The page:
The record here reveals that Curtis was no newcomer to the criminal courts. He had previously been convicted of burglary. Prior to changing his plea in the present case he was aware that he had a right to go to trial on the first degree murder charge. Indeed his mother had persuaded him "not . . . to go to trial as I had intended to" because he "didn't have a defense," and the central topic of his discussions with his lawyers was whether, if he should go to trial rather than plead guilty to the lesser offense, he stood a real chance of avoiding conviction for first degree murder. Finally he did advise the court, in response to questioning before the plea was taken, that the facts as stated in detail by the District Attorney were true and that he was not induced to plead guilty by any promises or threats. Under all of the circumstances we cannot say that his decision to plead guilty did not constitute a knowing waiver.


The decision of the district court is reversed.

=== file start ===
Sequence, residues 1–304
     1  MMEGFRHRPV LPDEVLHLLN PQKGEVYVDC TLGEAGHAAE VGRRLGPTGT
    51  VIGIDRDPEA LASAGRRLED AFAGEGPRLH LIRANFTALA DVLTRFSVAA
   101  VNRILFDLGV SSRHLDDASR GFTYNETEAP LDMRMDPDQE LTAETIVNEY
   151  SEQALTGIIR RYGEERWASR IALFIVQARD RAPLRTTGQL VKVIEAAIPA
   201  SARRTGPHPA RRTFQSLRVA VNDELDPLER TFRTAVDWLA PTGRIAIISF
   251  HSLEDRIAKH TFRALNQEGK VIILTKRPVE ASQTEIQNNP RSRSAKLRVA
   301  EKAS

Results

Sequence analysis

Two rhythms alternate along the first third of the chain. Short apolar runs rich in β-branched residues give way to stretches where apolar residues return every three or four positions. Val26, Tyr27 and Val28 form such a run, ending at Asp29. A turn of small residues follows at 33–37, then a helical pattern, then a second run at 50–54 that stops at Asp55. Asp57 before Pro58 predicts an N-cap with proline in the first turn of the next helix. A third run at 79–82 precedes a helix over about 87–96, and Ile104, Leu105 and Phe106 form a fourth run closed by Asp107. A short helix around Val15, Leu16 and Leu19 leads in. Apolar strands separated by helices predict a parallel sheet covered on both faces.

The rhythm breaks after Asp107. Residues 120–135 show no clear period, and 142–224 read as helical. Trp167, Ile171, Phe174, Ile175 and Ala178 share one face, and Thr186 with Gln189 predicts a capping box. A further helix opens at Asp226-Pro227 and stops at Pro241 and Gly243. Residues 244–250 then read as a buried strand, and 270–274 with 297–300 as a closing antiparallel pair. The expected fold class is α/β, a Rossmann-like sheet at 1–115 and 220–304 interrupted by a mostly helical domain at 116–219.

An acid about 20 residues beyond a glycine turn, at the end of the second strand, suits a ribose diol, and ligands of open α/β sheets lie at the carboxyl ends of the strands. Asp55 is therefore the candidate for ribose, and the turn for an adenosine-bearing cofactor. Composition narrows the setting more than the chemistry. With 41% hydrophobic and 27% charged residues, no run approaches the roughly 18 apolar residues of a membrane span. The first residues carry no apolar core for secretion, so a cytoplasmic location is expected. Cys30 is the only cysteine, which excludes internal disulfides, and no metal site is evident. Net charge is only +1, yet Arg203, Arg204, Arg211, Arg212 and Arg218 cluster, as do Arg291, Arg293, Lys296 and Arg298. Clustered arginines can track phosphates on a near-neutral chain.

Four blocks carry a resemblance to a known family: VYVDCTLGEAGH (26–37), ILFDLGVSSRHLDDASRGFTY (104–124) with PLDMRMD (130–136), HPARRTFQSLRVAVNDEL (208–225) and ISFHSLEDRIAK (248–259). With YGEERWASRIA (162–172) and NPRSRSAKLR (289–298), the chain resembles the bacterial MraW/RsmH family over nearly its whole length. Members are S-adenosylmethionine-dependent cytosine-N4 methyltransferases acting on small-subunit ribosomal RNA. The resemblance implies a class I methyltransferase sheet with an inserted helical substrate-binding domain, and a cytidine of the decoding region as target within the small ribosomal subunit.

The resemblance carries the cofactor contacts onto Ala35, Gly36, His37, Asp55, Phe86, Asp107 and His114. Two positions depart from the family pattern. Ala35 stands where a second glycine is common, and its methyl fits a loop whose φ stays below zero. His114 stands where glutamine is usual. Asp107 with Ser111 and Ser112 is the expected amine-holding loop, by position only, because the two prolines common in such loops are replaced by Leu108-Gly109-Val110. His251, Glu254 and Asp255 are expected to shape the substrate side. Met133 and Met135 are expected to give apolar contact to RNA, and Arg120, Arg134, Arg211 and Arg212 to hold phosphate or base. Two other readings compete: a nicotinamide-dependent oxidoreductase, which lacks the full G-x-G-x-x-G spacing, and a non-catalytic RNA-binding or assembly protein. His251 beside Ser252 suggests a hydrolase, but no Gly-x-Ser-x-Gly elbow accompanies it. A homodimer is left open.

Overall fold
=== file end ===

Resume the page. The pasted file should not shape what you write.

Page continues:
The finding in detail was that "The psychiatric examination in this hospital does not indicate that we are dealing with a person who is psychotic. We feel that he is a severe psychopath who, when drunk, can act quite abusively and assaultively. We do not feel that he is committable and would strongly recommend that he seek treatment on an outpatient basis only." As one court has had occasion to note, the terms "sociopathic personality" and "psychopathic personality" are interchangeable. Lyles v. United States, 103 U.S.App.D.C. 22, 254 F.2d 725, 729 n. 4 (1957), cert. denied, 356 U.S. 961, 78 S.Ct. 997, 2 L.Ed. 2d 1067 (1958)


The statute provided: